failure to state a claim upon which relief could be granted.
            On appeal, Yeager argues that the district court erred in dismissing his complaint.
    Yeager also alleges that the court incorrectly considered matters outside of the pleadings. We
    review de novo the dismissal of a complaint for failure to state a claim upon which relief may be
    granted. D’Ambrosio v. Marino, 
    747 F.3d 378
    , 383 (6th Cir. 2014). To survive a motion to
    dismiss, a complaint must contain sufficient factual matter, accepted as true, to state a claim for
    relief that is plausible on its face. Id.
            The district court properly dismissed Yeager’s complaint for failure to set forth a viable
    legal claim under either Title VII or Chapter 4112. Under each statute, courts apply the same
    two-step analysis.     See Abbott v. Crown Motor Co., 
    348 F.3d 537
    , 541 (6th Cir. 2003)
    (concluding that the same analysis applies to claims under Chapter 4112 and Title VII). First, we
    determine whether Yeager has established a “prima facie case of religious discrimination,”
    which requires proof that “(1) he holds a sincere religious belief that conflicts with an
    employment requirement; (2) he has informed the employer about the conflicts; and (3) he was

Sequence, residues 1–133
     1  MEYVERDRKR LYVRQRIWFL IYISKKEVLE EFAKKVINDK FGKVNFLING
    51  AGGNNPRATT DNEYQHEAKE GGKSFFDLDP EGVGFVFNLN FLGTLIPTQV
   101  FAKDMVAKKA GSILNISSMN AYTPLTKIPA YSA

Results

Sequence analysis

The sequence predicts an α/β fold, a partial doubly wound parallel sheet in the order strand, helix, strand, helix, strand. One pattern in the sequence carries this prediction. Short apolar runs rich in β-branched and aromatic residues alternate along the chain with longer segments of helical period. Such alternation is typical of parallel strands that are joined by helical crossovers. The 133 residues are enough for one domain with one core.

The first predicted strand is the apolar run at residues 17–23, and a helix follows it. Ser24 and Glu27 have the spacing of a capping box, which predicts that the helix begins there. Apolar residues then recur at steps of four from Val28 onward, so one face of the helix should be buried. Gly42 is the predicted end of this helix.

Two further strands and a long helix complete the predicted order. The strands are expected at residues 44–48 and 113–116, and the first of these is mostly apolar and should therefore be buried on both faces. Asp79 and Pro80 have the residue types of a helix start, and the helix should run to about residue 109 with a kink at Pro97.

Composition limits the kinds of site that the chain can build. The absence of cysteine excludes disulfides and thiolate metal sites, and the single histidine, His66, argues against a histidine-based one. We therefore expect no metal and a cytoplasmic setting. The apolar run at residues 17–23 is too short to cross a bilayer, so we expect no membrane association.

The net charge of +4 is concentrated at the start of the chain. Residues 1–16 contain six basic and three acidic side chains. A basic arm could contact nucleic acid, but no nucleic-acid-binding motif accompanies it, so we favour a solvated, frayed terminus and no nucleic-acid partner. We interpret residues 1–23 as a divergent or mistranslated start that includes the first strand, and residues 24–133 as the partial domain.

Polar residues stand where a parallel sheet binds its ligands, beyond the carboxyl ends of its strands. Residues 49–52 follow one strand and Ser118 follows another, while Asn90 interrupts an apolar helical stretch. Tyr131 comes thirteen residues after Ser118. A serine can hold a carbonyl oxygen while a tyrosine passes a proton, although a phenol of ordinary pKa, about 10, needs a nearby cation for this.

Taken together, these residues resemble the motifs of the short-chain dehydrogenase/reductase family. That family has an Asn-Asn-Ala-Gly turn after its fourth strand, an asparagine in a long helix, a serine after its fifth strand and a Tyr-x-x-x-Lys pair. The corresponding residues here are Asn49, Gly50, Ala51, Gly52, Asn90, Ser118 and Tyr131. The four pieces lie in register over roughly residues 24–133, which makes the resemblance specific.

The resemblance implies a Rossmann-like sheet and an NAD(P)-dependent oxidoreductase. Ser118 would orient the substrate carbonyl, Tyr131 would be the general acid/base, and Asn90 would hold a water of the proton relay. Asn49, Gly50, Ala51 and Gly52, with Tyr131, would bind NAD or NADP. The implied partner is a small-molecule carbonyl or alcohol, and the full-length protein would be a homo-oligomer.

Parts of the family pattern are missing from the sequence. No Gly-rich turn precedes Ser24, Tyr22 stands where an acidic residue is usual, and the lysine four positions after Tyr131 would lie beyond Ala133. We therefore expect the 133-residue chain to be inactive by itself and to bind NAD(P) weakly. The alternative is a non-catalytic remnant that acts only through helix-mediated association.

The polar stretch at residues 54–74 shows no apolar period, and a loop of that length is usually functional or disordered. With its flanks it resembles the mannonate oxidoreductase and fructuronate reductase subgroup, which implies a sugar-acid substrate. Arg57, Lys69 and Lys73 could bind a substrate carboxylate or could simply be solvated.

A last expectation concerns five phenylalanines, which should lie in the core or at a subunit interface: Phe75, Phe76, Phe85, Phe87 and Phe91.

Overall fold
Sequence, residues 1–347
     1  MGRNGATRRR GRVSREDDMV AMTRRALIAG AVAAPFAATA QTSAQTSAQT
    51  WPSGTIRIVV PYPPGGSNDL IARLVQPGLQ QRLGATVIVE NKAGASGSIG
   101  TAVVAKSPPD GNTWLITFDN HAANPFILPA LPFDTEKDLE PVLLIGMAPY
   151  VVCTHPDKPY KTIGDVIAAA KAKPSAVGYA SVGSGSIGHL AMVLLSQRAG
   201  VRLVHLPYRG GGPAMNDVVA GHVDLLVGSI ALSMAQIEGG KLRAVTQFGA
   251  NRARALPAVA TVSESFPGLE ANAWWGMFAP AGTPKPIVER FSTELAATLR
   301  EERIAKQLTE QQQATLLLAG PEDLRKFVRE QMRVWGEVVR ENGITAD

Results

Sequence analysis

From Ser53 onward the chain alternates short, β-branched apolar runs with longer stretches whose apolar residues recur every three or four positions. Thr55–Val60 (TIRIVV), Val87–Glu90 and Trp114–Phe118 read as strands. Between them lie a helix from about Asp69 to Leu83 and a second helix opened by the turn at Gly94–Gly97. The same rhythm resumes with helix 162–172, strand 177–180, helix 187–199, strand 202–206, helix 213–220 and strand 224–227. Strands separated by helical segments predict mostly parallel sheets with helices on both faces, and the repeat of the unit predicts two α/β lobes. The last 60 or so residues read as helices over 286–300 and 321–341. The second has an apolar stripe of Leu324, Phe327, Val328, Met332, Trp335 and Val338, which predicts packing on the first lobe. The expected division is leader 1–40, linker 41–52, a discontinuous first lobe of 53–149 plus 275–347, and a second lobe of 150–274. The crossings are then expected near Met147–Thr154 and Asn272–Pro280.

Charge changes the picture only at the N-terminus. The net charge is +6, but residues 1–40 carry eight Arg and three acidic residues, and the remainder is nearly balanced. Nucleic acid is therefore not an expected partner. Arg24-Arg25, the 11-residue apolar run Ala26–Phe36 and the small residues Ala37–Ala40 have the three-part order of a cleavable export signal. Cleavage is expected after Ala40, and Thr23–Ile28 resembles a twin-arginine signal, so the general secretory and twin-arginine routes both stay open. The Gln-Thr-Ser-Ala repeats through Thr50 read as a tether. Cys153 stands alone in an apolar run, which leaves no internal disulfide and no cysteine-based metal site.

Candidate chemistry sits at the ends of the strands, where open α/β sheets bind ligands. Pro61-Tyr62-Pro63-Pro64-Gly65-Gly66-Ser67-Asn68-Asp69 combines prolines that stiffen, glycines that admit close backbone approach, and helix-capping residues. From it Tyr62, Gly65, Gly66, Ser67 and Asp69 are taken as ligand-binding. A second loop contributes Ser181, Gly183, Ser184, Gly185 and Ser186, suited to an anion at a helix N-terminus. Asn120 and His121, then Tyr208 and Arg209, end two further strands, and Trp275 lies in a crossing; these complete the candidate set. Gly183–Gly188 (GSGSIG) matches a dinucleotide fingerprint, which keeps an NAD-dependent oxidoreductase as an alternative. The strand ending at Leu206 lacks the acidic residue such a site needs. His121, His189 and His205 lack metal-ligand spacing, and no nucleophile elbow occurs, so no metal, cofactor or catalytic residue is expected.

discharged or disciplined for failing to comply with the conflicting employment requirement.”
    Tepper v. Potter, 
    505 F.3d 508
    , 514 (6th Cir. 2007) (quoting Smith v. Pyro Mining Co., 
    827 F.2d 1081
    , 1085 (6th Cir. 1987)). Second, if Yeager establishes his prima facie case, his employer
    has the burden to show that it could not “reasonably accommodate” his religious beliefs without
    “undue hardship.” Id.; 42 U.S.C. § 2000e(j).
            Every circuit to consider the issue has applied one of the above two steps to hold that
    Title VII does not require an employer to reasonably accommodate an employee’s religious
    beliefs if such accommodation would violate a federal statute. Some courts have proceeded
    under step one to hold that a statutory obligation is not an “employment requirement,” see
    Baltgalvis v. Newport News Shipbuilding Inc.,